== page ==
Apple promises contact consent, but what about time limits?

Do we still put too much blind faith in big tech companies to do right by our personal information?

That’s one fundamental question raised by the recent revelations that many popular online services and mobile apps have been storing personal address books on their servers without users knowing what was going on.

It started with the controversy over the Path journal service. That was  followed by reports that other major web brands, including Twitter, are engaged in similar practices — storing contact information for extended periods after using the data to help us find our friends on their services.

Today the House Committee on Energy and Commerce sent a letter to Apple CEO Tim Cook (PDF), asking for answers to a series of questions about the issue.

Apple responded to the dustup today by promising to crack down on the practice.

Apple spokesman Tom Neumayr told AllThingsD: “Apps that collect or transmit a user’s contact data without their prior permission are in violation of our guidelines. We’re working to make this even better for our customers, and as we have done with location services, any app wishing to access contact data will require explicit user approval in a future software release.”

Asking for permission is important, but consent is only part of the picture. A natural next step would be getting companies to actively disclose and limit the amount of time they store the data.

Eighteen months, just as an example, seems much longer than necessary.

  • http://www.christopherbudd.com Christopher Budd

    True, Apple should have “locked” the door here, that’s bad design on their part. But ultimately the app makers bear the responsibility for wrongdoing here. Just because the app makes could do that, doesn’t mean that they should.

    As regards privacy the two cardinal rules are: notification and consent. You either obtain consent for user’s data, or you notify clearly that using your app gives access to that data. And as you noted, Todd, clear disclosure of what you’re doing with the data is key behind both of those.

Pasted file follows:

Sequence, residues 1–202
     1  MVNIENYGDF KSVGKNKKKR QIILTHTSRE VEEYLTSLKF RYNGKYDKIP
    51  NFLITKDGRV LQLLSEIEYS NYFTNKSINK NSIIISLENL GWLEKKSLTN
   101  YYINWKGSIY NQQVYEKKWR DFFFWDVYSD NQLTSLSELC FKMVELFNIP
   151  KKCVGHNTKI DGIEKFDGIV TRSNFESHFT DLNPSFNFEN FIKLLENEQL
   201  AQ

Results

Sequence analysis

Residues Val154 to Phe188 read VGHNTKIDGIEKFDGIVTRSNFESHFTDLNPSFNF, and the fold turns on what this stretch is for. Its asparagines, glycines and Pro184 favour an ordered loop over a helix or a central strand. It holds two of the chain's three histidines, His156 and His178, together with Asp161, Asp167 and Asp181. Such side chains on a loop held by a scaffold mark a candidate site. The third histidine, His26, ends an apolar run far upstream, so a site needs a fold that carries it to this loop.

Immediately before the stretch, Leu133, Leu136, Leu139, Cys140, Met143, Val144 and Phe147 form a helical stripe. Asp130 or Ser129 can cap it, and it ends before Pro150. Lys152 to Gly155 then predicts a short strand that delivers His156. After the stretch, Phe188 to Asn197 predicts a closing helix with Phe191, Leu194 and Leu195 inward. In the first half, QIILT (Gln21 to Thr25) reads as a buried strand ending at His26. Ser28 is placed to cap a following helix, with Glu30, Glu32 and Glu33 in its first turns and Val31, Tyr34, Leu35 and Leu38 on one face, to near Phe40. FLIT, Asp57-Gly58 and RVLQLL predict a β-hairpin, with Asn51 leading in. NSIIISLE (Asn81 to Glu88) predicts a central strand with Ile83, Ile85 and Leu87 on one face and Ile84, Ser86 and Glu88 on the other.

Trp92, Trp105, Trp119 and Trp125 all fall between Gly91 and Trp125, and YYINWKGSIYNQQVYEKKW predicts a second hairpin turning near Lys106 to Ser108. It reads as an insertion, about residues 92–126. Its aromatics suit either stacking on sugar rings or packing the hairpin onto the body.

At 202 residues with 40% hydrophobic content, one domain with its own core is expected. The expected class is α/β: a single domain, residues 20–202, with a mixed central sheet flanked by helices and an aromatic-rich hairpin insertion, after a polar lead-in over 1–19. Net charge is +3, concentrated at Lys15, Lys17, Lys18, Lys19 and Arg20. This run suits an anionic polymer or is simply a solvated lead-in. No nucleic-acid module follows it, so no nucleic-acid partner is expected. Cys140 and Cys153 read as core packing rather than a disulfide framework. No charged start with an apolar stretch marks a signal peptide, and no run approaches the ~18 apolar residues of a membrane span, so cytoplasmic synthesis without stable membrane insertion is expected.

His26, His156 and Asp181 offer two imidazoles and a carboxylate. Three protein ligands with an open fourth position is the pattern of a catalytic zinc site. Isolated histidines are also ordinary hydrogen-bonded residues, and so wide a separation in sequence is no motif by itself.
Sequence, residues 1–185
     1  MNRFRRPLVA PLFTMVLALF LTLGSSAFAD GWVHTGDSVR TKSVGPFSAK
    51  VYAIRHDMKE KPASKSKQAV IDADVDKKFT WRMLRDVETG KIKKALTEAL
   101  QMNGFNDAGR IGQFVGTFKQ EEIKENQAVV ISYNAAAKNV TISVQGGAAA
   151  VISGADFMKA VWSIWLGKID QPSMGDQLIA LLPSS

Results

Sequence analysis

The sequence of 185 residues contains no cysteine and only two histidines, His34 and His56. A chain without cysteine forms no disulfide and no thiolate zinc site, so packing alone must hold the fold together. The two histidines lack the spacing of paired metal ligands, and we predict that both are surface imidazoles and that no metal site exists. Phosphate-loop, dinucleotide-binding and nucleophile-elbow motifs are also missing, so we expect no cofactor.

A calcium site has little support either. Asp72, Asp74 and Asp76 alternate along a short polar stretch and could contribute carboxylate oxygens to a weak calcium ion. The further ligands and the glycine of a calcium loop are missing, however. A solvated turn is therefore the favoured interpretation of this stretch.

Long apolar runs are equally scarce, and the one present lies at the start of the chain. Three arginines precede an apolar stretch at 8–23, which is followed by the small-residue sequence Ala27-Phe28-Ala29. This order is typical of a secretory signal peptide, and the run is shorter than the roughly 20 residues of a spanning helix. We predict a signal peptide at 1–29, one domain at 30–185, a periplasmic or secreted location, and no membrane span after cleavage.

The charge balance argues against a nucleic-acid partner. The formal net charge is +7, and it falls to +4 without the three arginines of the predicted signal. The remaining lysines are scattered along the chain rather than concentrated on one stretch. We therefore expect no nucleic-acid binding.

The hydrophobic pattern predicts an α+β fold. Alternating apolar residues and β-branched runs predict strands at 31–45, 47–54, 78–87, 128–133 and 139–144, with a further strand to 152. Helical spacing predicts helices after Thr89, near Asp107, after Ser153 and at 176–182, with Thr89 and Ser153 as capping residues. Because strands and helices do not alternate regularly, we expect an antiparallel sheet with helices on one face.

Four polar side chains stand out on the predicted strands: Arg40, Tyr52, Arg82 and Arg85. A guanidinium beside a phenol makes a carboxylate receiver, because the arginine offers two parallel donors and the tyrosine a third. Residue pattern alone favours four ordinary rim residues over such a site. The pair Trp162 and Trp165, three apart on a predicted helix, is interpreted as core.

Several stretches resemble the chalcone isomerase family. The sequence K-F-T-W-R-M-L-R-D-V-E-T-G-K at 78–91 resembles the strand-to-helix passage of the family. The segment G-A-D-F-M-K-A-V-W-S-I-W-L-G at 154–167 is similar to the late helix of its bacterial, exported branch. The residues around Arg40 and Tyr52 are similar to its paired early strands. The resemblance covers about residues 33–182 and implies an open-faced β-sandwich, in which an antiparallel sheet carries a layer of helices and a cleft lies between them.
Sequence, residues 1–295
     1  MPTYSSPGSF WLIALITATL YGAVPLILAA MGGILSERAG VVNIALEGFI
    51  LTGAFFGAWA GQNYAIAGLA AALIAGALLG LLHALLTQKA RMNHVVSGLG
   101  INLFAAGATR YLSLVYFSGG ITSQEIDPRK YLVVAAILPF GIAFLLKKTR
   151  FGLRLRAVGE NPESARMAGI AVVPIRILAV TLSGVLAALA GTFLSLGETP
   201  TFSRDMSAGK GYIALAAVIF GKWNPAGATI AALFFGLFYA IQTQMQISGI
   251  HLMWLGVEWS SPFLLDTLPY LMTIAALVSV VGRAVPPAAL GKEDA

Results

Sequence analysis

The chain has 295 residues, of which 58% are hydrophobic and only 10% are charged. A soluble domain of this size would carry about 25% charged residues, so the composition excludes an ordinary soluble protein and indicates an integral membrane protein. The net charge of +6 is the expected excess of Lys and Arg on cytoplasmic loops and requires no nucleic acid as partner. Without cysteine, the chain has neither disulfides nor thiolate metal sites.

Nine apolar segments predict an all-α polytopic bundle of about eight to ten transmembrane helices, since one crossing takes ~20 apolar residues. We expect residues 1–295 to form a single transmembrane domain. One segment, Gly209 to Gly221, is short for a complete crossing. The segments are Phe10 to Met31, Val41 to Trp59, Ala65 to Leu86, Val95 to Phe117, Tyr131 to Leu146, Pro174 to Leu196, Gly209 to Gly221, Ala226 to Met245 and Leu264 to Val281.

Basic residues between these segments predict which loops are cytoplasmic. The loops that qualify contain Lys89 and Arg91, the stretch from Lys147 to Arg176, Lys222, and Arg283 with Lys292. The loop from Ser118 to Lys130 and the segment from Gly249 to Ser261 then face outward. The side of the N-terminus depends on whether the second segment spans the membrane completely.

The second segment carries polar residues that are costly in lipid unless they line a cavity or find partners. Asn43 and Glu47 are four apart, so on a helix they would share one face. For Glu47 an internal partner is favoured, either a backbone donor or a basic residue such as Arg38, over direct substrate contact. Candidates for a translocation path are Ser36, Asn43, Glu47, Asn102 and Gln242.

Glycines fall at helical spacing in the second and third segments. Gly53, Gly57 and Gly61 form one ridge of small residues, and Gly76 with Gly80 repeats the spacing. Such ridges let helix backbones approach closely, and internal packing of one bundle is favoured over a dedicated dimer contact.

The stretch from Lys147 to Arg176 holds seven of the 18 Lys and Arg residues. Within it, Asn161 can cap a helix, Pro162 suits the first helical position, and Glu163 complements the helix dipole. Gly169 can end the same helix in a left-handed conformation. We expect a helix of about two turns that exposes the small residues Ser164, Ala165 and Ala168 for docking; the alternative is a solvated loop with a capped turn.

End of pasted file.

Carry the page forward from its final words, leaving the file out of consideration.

Clearly neither happened here in these apps. There was no notification or consent. They just took the data and kept quiet about it.

    Taking a step back, what this tells me is that most likely none of these app makers have a mature privacy review process to act as a check to balance the business groups’ drive for revenue. By contrast, something like this most likely wouldn’t have happened at Microsoft, because every product goes through a privacy review, and the lack of notice or consent would have been flagged as needing a remedy before the product could ship.

    We can’t know for certain, but this feels like an instance of what I meant when I said (http://bit.ly/yezsLY) that the Microsoft TwC memo gave security and privacy a needed centrality in the development process and that all major companies need to do what Gates did 10 years ago. It doesn’t feel like those app companies have security and privacy enshrined as core principles and they need it.

    One interesting footnote, as part of their “get right” actions, Path promised to delete all the data that they obtained inappropriately. Good for them for that. They did the right thing there and deserve credit.